EISSN: 2980-0749
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2006, Cilt 4, Sayı 1, Sayfa(lar) 015-023
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The Anti-oxidant/Pro-oxidant Effects of N-Acetylcysteine in Rats Fed with Cholesterol-rich Diet
Serpil Bayır1, Sevgi Eskiocak1, Şemsi Altaner2, Erol Çakır1
1Trakya Üniversitesi Tıp Fakültesi Biyokimya Anabilim Dalı, Edirne
2Trakya Üniversitesi Tıp Fakültesi Patoloji Anabilim Dalı, Edirne
Keywords: Hypercholesterolemic diet, N-Acetylcysteine, oxidant stress, glutathion, nitric oxide

Dietary cholesterol is suggested to cause atherosclerosis and to increase the production of free radicals. It is reported that hypercholesterolemic diet may make some changes on the antioxidant system. In our study, we aimed to observe the effect of N-acetylcysteine (NAC) treatment on the oxidative stress that is caused by hypercholesterolemia.

53 female Sprague-Dawley rats were placed into 5 different groups randomly, as control, cholesterol, NAC1, NAC2 and NAC3. The control group was fed with standard basal rat chow while the others were fed with basal chow enriched with 1% cholesterol for 8 weeks. NAC was also administered to the treatment groups intraperitoneally (25, 50 or 100 mg/kg/day of doses). At the end of the study, malondialdehyde (MDA), glutathione (GSH), nitric oxide (NO), cholesterol and trigliseride were analyzed in the blood and tissue samples. The results were analyzed by Kruskal Wallis variance analysis and then by Mann-Whitney U test.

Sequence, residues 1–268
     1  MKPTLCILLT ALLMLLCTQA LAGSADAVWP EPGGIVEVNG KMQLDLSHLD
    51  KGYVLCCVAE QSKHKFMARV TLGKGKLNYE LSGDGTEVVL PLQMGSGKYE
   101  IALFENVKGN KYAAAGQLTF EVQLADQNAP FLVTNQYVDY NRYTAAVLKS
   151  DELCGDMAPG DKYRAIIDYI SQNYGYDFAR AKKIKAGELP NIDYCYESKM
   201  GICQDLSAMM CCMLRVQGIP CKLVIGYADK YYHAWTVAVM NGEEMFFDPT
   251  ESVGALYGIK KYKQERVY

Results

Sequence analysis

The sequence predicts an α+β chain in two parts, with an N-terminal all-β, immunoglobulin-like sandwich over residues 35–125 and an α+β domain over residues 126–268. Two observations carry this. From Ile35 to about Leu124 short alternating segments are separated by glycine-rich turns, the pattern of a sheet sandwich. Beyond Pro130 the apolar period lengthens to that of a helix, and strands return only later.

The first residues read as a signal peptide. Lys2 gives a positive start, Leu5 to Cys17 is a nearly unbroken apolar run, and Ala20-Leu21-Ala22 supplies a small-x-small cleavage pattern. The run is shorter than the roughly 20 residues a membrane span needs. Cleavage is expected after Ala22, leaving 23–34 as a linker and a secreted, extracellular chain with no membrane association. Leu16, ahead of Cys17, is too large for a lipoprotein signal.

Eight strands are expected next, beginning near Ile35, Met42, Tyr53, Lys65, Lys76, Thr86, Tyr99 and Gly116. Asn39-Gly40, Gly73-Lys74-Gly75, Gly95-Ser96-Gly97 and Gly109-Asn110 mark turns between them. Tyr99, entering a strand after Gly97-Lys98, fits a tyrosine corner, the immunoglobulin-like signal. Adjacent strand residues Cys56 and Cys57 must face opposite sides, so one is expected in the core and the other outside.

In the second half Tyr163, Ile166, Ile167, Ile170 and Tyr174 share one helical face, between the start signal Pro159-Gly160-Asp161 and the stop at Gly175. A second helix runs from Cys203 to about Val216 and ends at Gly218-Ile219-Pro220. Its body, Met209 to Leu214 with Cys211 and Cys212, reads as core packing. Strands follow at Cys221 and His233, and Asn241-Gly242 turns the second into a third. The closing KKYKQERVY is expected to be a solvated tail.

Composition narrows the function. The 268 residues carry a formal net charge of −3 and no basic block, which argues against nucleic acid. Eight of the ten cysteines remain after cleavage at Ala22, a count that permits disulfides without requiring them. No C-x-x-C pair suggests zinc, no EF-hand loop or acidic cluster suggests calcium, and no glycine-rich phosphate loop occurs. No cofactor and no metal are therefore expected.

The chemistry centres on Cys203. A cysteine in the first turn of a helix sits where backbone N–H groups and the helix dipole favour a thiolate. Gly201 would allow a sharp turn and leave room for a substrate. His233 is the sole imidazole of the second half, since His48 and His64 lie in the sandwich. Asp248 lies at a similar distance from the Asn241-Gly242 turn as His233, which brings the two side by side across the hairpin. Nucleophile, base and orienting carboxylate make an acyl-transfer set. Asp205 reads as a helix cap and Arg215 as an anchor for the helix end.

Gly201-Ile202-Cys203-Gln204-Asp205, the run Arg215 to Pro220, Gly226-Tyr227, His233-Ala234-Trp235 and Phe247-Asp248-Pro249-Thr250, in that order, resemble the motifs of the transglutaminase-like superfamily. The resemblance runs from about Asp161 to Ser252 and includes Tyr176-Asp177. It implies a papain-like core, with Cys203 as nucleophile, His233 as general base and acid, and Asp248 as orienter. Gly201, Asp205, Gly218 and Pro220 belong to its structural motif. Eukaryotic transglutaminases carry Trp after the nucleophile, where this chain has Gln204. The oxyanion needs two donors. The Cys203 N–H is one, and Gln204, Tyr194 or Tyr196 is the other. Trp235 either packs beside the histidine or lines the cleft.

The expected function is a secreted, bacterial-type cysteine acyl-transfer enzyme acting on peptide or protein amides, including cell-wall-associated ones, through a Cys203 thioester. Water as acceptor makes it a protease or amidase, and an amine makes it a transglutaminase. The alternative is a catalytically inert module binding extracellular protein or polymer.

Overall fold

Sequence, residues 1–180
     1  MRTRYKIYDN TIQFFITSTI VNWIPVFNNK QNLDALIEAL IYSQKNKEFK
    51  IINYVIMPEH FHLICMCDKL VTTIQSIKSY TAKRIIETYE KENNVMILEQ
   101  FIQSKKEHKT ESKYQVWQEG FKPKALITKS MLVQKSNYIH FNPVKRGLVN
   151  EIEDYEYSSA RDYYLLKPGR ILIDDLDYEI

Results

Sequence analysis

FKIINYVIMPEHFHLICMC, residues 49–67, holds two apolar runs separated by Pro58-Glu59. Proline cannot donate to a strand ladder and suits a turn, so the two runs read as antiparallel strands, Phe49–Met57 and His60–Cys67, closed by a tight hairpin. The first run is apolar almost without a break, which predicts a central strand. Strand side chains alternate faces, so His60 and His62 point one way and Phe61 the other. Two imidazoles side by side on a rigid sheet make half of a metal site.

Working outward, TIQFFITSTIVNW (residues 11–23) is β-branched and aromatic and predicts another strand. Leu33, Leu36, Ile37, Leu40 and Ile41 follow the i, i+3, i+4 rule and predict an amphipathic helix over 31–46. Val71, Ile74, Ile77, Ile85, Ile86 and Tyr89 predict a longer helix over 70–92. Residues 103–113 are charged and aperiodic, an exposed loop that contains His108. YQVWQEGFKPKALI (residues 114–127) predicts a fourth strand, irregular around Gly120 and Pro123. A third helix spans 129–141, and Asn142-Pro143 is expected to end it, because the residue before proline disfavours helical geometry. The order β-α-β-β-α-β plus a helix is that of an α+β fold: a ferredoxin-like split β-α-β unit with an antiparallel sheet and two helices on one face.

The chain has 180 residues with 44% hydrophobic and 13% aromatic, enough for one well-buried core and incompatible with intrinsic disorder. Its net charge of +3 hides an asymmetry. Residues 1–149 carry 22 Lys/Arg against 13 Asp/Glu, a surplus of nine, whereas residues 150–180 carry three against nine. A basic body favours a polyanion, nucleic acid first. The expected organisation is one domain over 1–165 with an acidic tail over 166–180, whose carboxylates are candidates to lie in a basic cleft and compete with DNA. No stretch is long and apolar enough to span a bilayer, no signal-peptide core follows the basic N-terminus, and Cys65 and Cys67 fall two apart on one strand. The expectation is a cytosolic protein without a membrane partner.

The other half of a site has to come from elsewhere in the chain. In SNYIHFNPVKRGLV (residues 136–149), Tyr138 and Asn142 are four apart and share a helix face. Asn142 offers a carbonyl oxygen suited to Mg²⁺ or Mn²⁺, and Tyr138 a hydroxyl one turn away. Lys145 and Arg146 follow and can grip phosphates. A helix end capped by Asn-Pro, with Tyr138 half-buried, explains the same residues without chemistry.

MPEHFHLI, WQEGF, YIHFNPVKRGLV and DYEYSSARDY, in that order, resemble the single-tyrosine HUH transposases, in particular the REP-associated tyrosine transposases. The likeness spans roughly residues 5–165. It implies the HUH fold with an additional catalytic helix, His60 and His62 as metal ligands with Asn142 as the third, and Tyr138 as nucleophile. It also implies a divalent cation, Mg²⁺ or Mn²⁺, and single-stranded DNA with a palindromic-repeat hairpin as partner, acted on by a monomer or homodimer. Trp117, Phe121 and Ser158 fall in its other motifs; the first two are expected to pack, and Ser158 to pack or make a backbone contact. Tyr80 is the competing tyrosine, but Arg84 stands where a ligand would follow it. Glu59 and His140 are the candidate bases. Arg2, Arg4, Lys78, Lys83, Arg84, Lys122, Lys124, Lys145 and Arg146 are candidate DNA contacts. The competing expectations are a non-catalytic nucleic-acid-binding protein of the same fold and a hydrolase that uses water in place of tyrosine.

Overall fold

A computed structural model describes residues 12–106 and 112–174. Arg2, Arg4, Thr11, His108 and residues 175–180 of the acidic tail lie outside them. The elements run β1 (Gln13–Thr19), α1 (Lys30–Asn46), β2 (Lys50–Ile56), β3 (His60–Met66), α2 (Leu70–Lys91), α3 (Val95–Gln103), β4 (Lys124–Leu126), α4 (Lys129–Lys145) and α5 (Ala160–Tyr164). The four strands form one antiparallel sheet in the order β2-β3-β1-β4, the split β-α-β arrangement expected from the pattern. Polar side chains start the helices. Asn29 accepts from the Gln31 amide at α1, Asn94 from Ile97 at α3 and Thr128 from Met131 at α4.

While the whole blood GSH levels in the cholesterol group were decreased, the plasma levels of cholesterol, MDA and NO were elevated. In the NAC1 treatment group with 25 mg/kg/day dose, liver tissue MDA levels were higher than those of the cholesterol group. In the NAC2 treatment group with 50 mg/kg/day dose, tissue and plasma MDA levels were decreased in comparison with the cholesterol group. On the other hand, tissue nad plasma MDA levels were significantly increased in the NAC3 group, receiveing 100 mg/kg/day dose.

In the light of our findings, we can tell that hypercholesterolemic diet causes oxidant stress and an imbalance on antioxidant defense systems. To avoid the oxidative impairment caused by hypercholesterolemia, 25 mg/kg/day NAC dose is not enough, 100 mg/kg/day NAC dose shows toxic effects. We conclude that the most effective dose is 50 mg/kg/day.

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